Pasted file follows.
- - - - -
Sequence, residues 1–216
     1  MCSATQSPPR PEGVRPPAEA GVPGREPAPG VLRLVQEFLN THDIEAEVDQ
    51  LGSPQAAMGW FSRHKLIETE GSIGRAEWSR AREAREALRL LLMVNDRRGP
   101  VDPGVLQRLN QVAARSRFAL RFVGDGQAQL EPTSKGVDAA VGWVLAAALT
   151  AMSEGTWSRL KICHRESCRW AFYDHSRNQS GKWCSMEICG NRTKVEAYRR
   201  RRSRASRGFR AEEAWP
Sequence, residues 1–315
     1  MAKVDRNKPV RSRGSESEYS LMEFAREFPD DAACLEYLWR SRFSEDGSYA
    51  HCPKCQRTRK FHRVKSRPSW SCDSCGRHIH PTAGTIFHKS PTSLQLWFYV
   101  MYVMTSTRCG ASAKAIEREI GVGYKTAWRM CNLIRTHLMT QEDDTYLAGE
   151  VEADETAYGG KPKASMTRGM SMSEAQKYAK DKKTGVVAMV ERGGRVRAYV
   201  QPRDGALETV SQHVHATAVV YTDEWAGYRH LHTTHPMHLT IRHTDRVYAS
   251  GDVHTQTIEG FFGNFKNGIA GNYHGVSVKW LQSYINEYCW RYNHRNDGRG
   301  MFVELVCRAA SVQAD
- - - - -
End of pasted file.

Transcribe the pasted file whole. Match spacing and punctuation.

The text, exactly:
Sequence, residues 1–216
     1  MCSATQSPPR PEGVRPPAEA GVPGREPAPG VLRLVQEFLN THDIEAEVDQ
    51  LGSPQAAMGW FSRHKLIETE GSIGRAEWSR AREAREALRL LLMVNDRRGP
   101  VDPGVLQRLN QVAARSRFAL RFVGDGQAQL EPTSKGVDAA VGWVLAAALT
   151  AMSEGTWSRL KICHRESCRW AFYDHSRNQS GKWCSMEICG NRTKVEAYRR
   201  RRSRASRGFR AEEAWP
Sequence, residues 1–315
     1  MAKVDRNKPV RSRGSESEYS LMEFAREFPD DAACLEYLWR SRFSEDGSYA
    51  HCPKCQRTRK FHRVKSRPSW SCDSCGRHIH PTAGTIFHKS PTSLQLWFYV
   101  MYVMTSTRCG ASAKAIEREI GVGYKTAWRM CNLIRTHLMT QEDDTYLAGE
   151  VEADETAYGG KPKASMTRGM SMSEAQKYAK DKKTGVVAMV ERGGRVRAYV
   201  QPRDGALETV SQHVHATAVV YTDEWAGYRH LHTTHPMHLT IRHTDRVYAS
   251  GDVHTQTIEG FFGNFKNGIA GNYHGVSVKW LQSYINEYCW RYNHRNDGRG
   301  MFVELVCRAA SVQAD